Let's take a closer look at aluminum, the material our minimals reusable bottles are made of:
- Aluminum has an unbeatable recycling advantage: it can be recycled as often as you like without losing its value. In addition, recycling puts the high energy input required for the extraction of primary aluminum into perspective. Because only 5% of the energy needed to produce primary aluminum is required to recycle aluminum.
- Another important aspect is that there is already a very well-functioning recycling system for aluminum in Germany. According to the Gesellschaft für Verpackungsmarktforschung mbH (GVM), the recycling rate for all types of aluminum packaging in Germany was 95.7% in 2020, and the trend is rising . The model of the circular economy can therefore already be implemented very well with aluminium.
- Another reason why we chose this material is the elegant look. Because in addition to all the plus points in terms of sustainability that the refill concept brings with it, it also offers the opportunity to finally replace the ugly collection of plastic bottles with stylish containers that enhance the bathroom instead of littering it.
MINIMALS & Circular Economy
At minimals, we believe that circular economy is the solution to our global waste problem. And that's why we don't just write about it, we also live the circular economy:
Reuse is at the heart of minimals!
We not only implement the topic of reuse with our minimals bottles, but throughout our refill concept:
- Our entire production and supply chain is organized in such a way that all containers in which minimal's cosmetics are filled and stored are reused. We have created a zero-waste cycle: there's no single-use packaging from production to your till the moment you use your cosmetic.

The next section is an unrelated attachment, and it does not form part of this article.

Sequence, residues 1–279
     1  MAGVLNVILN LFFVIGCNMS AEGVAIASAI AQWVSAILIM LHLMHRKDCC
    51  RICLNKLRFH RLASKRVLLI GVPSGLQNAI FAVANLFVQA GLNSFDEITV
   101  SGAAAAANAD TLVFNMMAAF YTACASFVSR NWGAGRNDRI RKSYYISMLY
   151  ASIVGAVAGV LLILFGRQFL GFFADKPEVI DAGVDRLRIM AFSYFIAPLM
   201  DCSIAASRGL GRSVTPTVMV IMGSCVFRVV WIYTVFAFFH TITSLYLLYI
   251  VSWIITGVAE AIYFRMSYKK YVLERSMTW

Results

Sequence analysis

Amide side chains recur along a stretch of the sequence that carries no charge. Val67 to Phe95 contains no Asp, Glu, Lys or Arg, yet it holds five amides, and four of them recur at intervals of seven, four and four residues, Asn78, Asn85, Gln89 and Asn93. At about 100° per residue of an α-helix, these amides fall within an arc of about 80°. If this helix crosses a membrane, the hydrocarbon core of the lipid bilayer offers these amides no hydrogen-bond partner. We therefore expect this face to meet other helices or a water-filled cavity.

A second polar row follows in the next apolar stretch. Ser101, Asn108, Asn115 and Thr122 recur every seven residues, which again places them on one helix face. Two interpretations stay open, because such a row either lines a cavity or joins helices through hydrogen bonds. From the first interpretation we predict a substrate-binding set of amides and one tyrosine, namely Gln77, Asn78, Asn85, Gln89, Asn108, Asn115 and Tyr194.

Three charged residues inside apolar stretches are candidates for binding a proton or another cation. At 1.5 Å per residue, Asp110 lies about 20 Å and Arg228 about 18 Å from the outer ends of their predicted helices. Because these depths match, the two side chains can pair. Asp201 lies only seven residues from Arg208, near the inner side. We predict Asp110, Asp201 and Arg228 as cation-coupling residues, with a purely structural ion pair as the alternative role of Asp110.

- Of course, all accessories that you get from minimals are reusable, for example our bottle brushes and pouches.
- We do not use disposable shopping bags or any disposable packaging in our shop .
In order to keep our footprint at the lowest level, we do everything we can to use only existing materials. On one hand, we take responsibility for the selection of materials for the production of our bottles by only using recycled aluminum. On the other hand, we ensure that our bottles are disposed at a certified recycling center at the end of their lifecycle. We also attach great importance to the conservation of resources for the other materials we use: they're recyclable and processed in the highest quality in order to achieve the longest possible life cycle.
Do you have questions or feedback about this post? Write to us at info@minimals. We look forward to mail from you!
1. Plastic Atlas 2019 of the Heinrich Böll Foundation
3. WWF- Plastic waste in the sea - the most important answers, as of January 5th, 2020
5. Coalition agreement 2021-2025 between the Social Democratic Party of Germany (SPD), Alliance 90 / The Greens and the Free Democrats (FDP), p. 33
7. The only exception are our packages for orders from the online shop. We use boxes made from recycled cardboard for this.